Those were the first words that came to mind when I learned that the Omnipod Eros system – the one that comes with a bulkier, non-touchscreen PDM – was going to be discontinued at the end of this year. (You can get more information about this decision here.)
Now, you might be wondering why I’d have that reaction, especially considering I haven’t been on the Eros system in over two years. And when I am fully aware of the fact that the Omnipod Dash and 5 systems are out, available, and the latest/greatest offerings when it comes to pump therapy from Insulet.
The main reason why I think it’s too soon to nix the Eros system? It’s because of how it affects choice. By discontinuing it, this means there’s one less option on the market for people who are interested in Omnipod’s tubeless insulin delivery. Not so much in terms of the pod itself, as that design has largely remained unchanged as Insulet innovates products over time, but certainly regarding the PDM device.
It goes without saying that the Eros PDM is clunky, uglier, and overall out-of-date compared to it’s newer counterparts. The Eros PDM is a behemoth in size that relies on AAA batteries to keep it running and features chunky buttons that need to be firmly pressed in order to navigate from one screen to the next. Meanwhile, the Dash and 5 PDMs are sleek, touchscreen models that can be charged just like a cell phone. So I can’t deny that the Eros looks like it’s from the Stone Age when comparing it to the Dash and 5.
But this is actually favorable to some people. One thing that kept me from transitioning to an insulin pump for a long time was that I didn’t want to feel super attached to yet another physical piece of equipment I’d have to carry around; at that point in my life, I was already toting around my phone and separate CGM receiver (this was pre-Dexcom app days) everywhere I went. When I finally did start using the Omnipod Eros, it took time for me to get used to the PDM, but I came to appreciate it for its distinct heft, and could quickly and easily grab it from my bag without really having to look for it due to its size.
Now, I constantly get my PDM and cell phone mixed up – sometimes, I even go to text someone from my PDM, only to realize after I unlock it that I grabbed the wrong device. And I hate that I have another piece of tech that needs to be recharged so frequently. I monitor the battery life all the dang time, and have to plug my PDM in every few days to fully recharge it, whereas with the Eros all I had to do was swap out the batteries every 3 or so months. It doesn’t sound like that big of a deal, but I already have so much to monitor when it comes to my diabetes that I sometimes resent that I have to also keep an eye on the technology that’s supposed to help me simplify my management.
Moreover, a reason why the Eros PDM was so bulky was that it also doubled as a blood sugar meter. Admittedly, I scarcely ever utilized it as such, but it was always nice to know that I had the option of doing so if I wanted. Since the Dash and the 5 PDMs are essentially repurposed smartphones, the blood sugar meter function isn’t available on either, and I know this is probably a bummer to some people with diabetes who preferred using the PDM device as an all-in-one type of technology.
So while I get the decision to encourage more folks to upgrade to newer Omnipod systems, I’m also a little bummed for the individuals who were deliberately postponing that move, or not wanting to make it in the first place. I can totally relate to not feeling ready to make a diabetes tech change-up; after all, I waited almost 15 years of having diabetes before I even thought about trying an insulin pump. I benefited from being able to make that transition when I felt ready, and I just feel that it’s a shame that others won’t be able to do the same due to the pending discontinuation of the Omnipod Eros.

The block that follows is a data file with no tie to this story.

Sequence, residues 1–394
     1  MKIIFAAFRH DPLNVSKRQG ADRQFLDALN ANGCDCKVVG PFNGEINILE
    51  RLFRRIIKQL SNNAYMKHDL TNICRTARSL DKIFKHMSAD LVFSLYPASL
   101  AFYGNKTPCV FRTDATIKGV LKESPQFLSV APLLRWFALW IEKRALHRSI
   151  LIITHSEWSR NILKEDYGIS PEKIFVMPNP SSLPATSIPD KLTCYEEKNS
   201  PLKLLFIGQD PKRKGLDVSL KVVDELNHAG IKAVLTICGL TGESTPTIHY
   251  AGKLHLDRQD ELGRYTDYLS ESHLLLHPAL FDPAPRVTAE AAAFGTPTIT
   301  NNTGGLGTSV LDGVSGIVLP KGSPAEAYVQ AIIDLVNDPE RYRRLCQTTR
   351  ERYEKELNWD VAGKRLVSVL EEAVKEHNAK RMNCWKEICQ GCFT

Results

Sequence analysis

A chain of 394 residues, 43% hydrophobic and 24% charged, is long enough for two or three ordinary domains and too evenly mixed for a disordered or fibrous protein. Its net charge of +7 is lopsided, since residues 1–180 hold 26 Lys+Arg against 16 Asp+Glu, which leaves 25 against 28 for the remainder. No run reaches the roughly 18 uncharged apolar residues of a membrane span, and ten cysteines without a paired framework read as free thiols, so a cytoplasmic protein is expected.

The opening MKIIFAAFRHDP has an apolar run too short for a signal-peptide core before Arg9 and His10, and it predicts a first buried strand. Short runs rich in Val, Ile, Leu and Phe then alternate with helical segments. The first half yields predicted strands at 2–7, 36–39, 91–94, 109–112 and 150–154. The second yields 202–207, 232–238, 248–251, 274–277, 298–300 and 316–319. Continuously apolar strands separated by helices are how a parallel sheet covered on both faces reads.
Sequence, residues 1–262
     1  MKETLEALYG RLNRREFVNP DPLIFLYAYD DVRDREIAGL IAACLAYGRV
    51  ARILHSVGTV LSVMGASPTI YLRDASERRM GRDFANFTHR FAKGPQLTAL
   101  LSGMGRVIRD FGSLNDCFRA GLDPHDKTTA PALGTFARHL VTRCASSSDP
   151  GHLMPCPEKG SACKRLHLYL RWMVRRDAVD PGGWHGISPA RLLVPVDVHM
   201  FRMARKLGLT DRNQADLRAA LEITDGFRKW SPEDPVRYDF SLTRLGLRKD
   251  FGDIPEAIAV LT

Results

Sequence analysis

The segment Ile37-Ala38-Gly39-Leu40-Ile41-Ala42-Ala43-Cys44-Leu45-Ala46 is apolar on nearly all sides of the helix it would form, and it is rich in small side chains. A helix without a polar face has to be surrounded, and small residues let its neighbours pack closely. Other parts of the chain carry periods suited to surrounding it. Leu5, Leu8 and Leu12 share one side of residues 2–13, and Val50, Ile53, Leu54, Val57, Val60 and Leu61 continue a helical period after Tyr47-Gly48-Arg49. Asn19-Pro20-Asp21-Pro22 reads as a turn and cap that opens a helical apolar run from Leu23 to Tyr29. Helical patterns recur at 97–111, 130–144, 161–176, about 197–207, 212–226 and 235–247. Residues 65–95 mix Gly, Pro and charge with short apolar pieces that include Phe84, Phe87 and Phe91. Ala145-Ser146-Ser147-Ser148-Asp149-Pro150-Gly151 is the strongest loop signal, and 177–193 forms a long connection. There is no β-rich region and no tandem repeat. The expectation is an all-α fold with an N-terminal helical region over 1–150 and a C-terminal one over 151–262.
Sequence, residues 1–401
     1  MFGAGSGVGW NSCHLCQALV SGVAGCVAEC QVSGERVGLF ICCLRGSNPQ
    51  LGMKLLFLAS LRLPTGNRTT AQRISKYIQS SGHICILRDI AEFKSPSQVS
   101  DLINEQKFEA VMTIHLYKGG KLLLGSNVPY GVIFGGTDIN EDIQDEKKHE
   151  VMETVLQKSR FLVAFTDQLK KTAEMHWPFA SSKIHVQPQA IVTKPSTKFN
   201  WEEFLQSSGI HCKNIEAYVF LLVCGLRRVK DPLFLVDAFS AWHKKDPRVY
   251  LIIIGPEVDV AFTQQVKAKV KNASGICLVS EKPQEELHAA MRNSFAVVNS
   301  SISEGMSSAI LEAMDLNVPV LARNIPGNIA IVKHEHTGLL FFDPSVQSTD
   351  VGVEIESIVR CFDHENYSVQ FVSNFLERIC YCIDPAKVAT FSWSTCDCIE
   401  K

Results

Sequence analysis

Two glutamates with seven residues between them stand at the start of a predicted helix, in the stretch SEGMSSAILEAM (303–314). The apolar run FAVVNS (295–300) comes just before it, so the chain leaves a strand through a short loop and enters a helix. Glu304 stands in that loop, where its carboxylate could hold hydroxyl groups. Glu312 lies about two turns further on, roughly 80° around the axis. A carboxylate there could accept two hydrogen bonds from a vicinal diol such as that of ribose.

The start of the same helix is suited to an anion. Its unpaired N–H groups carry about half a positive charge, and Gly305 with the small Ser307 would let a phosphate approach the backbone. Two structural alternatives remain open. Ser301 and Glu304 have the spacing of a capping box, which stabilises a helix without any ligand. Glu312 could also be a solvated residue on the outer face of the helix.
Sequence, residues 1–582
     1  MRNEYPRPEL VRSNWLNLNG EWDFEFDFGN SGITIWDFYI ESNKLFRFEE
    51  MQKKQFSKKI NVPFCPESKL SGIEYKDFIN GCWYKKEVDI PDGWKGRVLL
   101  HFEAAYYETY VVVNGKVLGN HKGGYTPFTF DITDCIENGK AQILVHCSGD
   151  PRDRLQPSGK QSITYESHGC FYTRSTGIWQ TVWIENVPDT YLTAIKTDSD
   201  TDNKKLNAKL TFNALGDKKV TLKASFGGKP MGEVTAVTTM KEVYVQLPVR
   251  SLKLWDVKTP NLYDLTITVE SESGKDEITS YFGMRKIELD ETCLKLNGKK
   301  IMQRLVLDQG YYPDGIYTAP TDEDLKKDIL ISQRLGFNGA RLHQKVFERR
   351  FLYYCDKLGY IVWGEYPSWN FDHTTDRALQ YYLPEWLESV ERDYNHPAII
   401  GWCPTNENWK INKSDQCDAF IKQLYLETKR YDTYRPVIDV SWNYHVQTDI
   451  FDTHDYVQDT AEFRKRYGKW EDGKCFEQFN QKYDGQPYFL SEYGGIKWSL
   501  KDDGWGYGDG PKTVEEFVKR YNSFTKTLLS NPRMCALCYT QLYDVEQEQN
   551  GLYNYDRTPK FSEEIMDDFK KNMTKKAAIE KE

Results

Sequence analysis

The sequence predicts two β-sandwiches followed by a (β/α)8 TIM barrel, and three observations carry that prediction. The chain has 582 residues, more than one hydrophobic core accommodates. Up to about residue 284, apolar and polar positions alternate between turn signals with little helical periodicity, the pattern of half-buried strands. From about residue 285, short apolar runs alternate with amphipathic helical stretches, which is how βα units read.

3 thoughts on “My Thoughts on the Discontinuation of the Omnipod Eros System”
Hi Molly. Your thoughts about devices that use a battery vs. ones that have to be charged resonated with me. I used a Medtronic pump for about 10 years (2005 -2015) before starting on a Tandem t:slim G4. The t:slim G4 and X2 work well, and it’s nice always having an additional device to see my Dexcom readings besides the phone. However, in 2015, I quickly found myself missing the fact that the old Medtronic pump was powered by a AAA battery. Being able to pop one in and forget about it for a few months was nicer (for me) than having to monitor the power on the Tandem and remembering to regularly charge it. It’s also one more plug I need to make sure I have when traveling. For me, the batteries were more convenient and every drugstore and supermarket sells them if I needed one in a pinch. In the past 7 years, I’ve gotten used to the Tandem’s charging and if I plug it in every time I take a shower, I usually don’t need to worry about it running out of power. By comparison, charging a phone is easier because it isn’t connected to me. I also found the process of filling the reservoir and changing the infusion site to be easier on the Medtronic than on the Tandem, but that’s a comment for another day! 🙂
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YES!!! Everything you said about batteries vs. rechargeable resonates with me (particularly having to remember an extra cord/plug – goodness knows this has been a struggle of mine)!
the best part about change? Is when it happens to others. 🙂 I don’t know, there are so many pumps coming into the market in the next few years, I think there will be lots of choice.
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